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I understand how:

for (int i=0; i<n; i++)

This time complexity is O(n).

for (int i=0; i<n; i++)
    for (int j=0; j<n; j++)
        for (k=0; k<n; k++)

this is O(n^3) right?

i=1
do
    //......
    i++
while (i*2 <n)  

Is this O(n)? Or is it exactly O(n/2)?

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4  
1/2 is a constant. O(n/2) = O(n). –  FatalError Mar 23 '13 at 4:53

4 Answers 4

O(n/2) is O(n) only with a constant coefficient of 1/2. The coefficient can be 10 billion, it would still be O(n), and not e.g. O(n^(1.0001)) which is a different complexity class.

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thank you for your kind answer! –  anna Mar 23 '13 at 5:14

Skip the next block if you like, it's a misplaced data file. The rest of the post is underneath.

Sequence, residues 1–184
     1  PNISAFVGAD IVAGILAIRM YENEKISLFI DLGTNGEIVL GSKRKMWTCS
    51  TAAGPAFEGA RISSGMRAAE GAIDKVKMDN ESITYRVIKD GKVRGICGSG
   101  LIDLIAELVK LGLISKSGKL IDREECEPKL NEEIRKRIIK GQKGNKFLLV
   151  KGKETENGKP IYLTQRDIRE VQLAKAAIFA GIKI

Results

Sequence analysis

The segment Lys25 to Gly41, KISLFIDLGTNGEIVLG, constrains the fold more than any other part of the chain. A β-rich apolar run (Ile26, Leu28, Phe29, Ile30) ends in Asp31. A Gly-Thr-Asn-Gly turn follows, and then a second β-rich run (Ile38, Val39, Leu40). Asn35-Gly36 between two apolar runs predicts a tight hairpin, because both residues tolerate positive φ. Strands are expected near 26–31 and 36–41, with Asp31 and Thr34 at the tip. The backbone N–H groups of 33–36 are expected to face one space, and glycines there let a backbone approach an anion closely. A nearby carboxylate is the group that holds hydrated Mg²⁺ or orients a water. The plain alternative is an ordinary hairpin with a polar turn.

The first one complexity O(n^3), correct. The second one, O(cn), c constant. No matter how huge c is, according to the definition of big-O, the complexity is still O(n).

However, O-notation is considered harmful. See here.

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thank you so much ; ) –  anna Mar 23 '13 at 5:12

The first one of O(n3), you're right.

Your second algorithm is O(n/2) = O(Cn) = O(n). 1/2 is a constant so we can safety discard it.

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oh i see. thank u so much :) –  anna Mar 23 '13 at 5:14

This fragment of code:

i=1
do
    //......
    i++
while (i*2 < n);

is equivalent to that one:

for ( i = 1; i < n / 2 ; ++ i );

Superficially, this is O(n).

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